I recently helped my mother purchase a 2015 SUV from a dealership. It was not a pleasant experience. Those of you that have purchased from a dealership know how long the process takes. Within 20 minutes of walking into the dealership, we were ready to pay all cash for the vehicle. We had done our research in advance, the test drive went well, and we were buying a reliable make and model.
Yet it still took us 3 ½ hours to walk away with the keys to the vehicle.
Even though we were paying with all cash, we were forced to sit down with a manager from the finance department. Going in, I knew that finance departments are where dealerships make a good chunk of their profits. Selling warranties is a lucrative profit center for dealerships. So when the finance manager started her pitch on the extended warranty, I politely but firmly said we weren’t interested. She then turned to my mother and said, “Do you typically not protect your investments?” Hmm…
The definition of an investment is something that you expect to go up in value over time. Since we know that new vehicles lose 60% of their value in the first 5 years of life, I would call them a lousy “investment”.
The finance manager continued to push the warranty very hard. We must all remember that dealerships are in business to make money (justifiably so). And finance managers are paid on commission to sell the warranties. Warranties are not created to be a good deal for you, the consumer. For clients of The Wealth Group that maintain a healthy Emergency Fund, unexpected car repairs down the line are no problem.
In a late 2013 survey of 12,000 subscribers, Consumer Reports “found that 55% of owners who purchased an extended warranty hadn’t used it for repairs during the lifetime of the policy. And, on average, those who did use it spent hundreds more for the coverage than they saved in repair costs.”
Our advice on vehicle purchases (best practices):
Aim to limit the purchase price to 10% of annual household income.
Don’t finance the vehicle.
Buy used. Preferably at least 3 years old (about 40% discount from initial MSRP), but 5 years old is even better (depreciation has knocked 60% off the initial cost by this time).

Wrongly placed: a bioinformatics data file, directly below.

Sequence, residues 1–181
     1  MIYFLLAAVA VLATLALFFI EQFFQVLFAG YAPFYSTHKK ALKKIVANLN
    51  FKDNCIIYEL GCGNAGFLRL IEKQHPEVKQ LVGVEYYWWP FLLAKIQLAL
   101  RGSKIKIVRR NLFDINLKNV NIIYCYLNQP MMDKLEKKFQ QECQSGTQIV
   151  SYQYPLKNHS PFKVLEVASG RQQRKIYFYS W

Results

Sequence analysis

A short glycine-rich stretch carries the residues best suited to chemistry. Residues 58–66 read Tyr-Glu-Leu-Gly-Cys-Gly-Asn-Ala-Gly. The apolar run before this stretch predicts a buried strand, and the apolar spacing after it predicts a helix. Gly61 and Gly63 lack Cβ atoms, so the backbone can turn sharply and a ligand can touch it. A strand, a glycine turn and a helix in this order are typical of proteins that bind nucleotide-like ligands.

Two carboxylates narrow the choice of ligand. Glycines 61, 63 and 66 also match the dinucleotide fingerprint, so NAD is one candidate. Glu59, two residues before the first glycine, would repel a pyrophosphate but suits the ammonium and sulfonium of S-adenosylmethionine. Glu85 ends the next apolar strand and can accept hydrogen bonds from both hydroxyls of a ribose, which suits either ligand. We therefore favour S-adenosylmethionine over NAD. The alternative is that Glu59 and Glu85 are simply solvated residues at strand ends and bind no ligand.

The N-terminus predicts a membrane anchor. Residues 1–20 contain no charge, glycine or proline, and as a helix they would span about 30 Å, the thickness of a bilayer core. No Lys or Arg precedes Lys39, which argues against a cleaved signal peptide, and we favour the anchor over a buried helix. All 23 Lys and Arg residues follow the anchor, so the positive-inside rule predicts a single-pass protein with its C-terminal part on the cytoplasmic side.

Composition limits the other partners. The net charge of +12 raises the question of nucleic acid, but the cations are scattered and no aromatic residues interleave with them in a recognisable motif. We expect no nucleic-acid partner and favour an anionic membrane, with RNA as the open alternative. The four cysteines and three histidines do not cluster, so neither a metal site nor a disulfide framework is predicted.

Don’t buy any kind of warranty, assuming you are buying a reliable vehicle.
Try to hold onto your vehicles for as long as possible. For some people, holding a vehicle for 10 years or longer is no problem. This of course depends on how many miles you put on your vehicle each year.
If you want a reliable and long-lasting vehicle, strongly consider buying from an Asian manufacturer such as Toyota or Honda.
Which vehicles do people keep the longest? Check out this list:
There is a reason Toyota has such a sterling reputation. Nine of the fifteen cars on this list are Toyotas! That’s 60%. Another three are Honda (which includes Acura, a part of Honda). Also note that 14 of the 15 car makers in this list are Japanese. Only one is European, and none are American automakers.
What does it mean to you, our client?
Vehicle decisions are a big part of your financial plan. In fact, they are the second-biggest consumption decision in your life (next to housing). Before you buy, let’s have a conversation about how vehicle purchases will impact your long-term financial plan.
Because The Wealth Group, Austin B. Colby & Associates is independent of Raymond James, the expressed written opinions above are our own and not necessarily reflective of Raymond James’ opinions.